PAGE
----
The Associated Press is bidding to overtake the New York Times as the most biased news source in America. To perhaps a greater degree even than the Times and the Washington Post, the AP has set itself up as the opposition to the Trump administration. Often, its bias has to be seen to be believed. As with this story: “Jobs report no longer phony, Trump says, now that it’s his.”
The AP jumps straight into the fray, attacking the president:
President Donald Trump is embracing government numbers he once maligned as “phony” as he tries to take credit for the latest U.S. jobs report.
The new administration on Friday promoted Labor Department statistics that show U.S. employers added 235,000 jobs in February. The unemployment rate dipped to 4.7 percent from 4.8 percent. *** What a difference from last year’s presidential campaign, when Trump repeatedly assailed the report’s legitimacy.
Back then, candidate Trump denounced “phony unemployment numbers” he claimed had been invented to make the Democrats look good.
“Don’t believe those phony numbers when you hear 4.9 and 5 percent unemployment. The number’s probably 28, 29, as high as 35,” he said last February, on the day of the New Hampshire presidential primary.
“The 5 percent figure is one of the biggest hoaxes in modern politics,” he said.
The AP is conflating two different statistics. Trump didn’t say the jobs numbers are phony, he said the unemployment rate is more or less meaningless. He is right about that. The unemployment rate has become largely irrelevant, for two reasons. First, it doesn’t distinguish between full-time and part-time work. Second, it simply leaves out those who have left the job market. There is no contradiction in pointing out the limits of that statistic, while being happy that more than 200,000 jobs are added to the economy.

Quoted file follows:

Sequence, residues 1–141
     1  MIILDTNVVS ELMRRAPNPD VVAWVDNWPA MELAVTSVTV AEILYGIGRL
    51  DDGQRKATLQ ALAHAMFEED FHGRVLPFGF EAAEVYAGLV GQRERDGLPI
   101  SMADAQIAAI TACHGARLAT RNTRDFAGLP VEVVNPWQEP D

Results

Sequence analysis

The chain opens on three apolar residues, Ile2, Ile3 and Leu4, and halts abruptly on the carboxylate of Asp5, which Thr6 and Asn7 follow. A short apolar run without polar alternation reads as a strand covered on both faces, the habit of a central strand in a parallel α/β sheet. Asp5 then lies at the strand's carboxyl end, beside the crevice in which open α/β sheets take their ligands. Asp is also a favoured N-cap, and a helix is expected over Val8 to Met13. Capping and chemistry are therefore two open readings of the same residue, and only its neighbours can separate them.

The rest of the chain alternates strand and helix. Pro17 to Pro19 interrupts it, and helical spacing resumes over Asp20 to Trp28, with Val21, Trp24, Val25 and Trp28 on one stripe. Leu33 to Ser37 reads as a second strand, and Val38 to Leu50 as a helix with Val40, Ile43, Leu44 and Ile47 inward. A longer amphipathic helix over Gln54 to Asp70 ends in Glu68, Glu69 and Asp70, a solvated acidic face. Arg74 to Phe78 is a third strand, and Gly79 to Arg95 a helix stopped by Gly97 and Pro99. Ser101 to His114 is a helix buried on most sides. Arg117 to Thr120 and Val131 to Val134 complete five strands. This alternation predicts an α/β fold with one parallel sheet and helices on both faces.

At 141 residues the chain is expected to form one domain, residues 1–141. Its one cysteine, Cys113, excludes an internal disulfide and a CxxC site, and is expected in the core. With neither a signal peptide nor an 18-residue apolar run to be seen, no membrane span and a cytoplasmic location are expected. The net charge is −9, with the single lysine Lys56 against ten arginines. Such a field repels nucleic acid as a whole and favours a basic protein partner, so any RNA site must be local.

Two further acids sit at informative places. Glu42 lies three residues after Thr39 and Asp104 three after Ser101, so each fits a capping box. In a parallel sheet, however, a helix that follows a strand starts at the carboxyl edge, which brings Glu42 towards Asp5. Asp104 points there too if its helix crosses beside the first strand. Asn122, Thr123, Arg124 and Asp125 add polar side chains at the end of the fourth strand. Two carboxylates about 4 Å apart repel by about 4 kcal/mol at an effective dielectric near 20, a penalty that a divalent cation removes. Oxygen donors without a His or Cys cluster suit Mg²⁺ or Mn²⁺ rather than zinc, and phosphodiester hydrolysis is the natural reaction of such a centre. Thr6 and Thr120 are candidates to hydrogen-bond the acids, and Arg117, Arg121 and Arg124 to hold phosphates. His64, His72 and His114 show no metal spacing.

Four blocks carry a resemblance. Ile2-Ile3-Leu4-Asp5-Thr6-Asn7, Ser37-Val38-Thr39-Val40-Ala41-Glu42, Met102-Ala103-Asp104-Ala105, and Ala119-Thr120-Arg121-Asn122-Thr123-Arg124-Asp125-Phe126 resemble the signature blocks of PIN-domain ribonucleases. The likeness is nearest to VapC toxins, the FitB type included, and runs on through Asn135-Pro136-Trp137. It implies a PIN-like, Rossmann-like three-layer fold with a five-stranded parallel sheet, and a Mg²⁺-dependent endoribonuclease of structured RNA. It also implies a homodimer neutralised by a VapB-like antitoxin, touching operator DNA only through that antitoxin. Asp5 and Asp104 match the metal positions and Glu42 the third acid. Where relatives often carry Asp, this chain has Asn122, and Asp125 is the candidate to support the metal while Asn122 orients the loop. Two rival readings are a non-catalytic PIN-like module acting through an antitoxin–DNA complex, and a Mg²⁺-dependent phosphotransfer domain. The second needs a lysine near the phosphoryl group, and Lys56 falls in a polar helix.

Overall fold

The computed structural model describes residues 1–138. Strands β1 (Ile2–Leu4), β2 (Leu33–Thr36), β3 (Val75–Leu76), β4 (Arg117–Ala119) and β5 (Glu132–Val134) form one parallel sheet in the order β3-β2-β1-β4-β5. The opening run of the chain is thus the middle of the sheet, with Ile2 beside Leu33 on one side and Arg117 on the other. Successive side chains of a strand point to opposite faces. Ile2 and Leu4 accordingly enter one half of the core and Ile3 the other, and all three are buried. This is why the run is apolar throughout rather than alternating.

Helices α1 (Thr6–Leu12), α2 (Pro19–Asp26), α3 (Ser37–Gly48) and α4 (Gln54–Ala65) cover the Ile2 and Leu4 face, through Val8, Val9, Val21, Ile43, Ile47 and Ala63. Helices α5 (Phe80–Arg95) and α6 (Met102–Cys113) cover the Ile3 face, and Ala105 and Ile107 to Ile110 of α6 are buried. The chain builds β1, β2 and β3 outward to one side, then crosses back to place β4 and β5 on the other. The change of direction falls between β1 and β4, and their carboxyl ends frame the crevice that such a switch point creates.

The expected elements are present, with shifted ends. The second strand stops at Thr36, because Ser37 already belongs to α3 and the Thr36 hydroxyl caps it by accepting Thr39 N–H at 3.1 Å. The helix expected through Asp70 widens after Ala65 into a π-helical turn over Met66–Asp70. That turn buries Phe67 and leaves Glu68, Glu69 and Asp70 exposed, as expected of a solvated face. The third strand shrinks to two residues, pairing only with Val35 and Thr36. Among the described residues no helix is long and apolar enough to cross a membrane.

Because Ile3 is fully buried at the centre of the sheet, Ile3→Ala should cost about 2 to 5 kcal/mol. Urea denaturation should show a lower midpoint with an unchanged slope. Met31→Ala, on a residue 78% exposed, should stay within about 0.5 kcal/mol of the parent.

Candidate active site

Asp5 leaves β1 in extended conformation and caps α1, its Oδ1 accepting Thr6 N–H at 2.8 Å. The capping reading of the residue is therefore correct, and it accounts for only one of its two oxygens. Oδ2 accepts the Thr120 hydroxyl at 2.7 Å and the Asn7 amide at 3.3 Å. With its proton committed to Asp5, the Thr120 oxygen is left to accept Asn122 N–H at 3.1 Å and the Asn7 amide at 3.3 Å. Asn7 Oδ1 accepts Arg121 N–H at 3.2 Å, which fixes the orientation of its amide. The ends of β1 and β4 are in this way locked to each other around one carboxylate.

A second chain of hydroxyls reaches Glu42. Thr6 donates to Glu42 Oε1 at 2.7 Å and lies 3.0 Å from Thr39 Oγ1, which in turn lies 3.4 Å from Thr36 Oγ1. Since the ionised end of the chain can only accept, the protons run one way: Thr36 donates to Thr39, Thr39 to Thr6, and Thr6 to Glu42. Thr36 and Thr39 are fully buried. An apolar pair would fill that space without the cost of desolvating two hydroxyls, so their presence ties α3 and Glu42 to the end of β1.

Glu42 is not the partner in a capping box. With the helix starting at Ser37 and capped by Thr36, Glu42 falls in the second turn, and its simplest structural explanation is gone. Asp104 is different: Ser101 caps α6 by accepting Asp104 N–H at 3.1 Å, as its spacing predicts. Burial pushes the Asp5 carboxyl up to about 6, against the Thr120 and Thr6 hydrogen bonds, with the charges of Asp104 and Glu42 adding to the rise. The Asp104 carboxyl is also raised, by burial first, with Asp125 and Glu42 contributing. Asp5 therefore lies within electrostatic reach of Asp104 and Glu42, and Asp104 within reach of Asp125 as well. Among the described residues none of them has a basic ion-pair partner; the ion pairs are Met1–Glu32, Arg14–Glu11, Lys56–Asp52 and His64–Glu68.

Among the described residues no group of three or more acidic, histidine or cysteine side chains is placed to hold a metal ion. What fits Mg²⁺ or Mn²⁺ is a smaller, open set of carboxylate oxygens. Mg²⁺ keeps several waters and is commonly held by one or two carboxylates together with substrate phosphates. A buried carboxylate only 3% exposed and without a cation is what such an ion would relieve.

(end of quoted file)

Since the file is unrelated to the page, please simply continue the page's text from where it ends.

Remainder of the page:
The AP keeps battling:
During a speech at the Detroit Economic club last year, Trump pointed to figures that show one in five American households do not have a single member in the labor force. He failed to mention the one in five includes children, young people in school and senior citizens who are retired.
That doesn’t even make sense. A household comprised entirely of children? Or “young people in school”? The AP reporter seems to have dashed this off without even thinking about what his sentence was supposed to mean.
The AP wants to make sure President Trump doesn’t get any credit for the currently strengthening economy:
While business and consumer confidence have risen since the presidential election, economists also say it’s too soon for Trump to be taking credit for jobs.
“No new economic policies have yet been enacted,” said Scott Anderson, chief economist at Bank of the West. Instead, he pointed to an unusually mild winter that likely boosted hiring by construction firms.
Right. But, as many observers have pointed out, businesses are encouraged by the prospect of lower taxes and, especially, less irrational regulation. It makes perfect sense that some of them are hiring in anticipation of an improving business climate.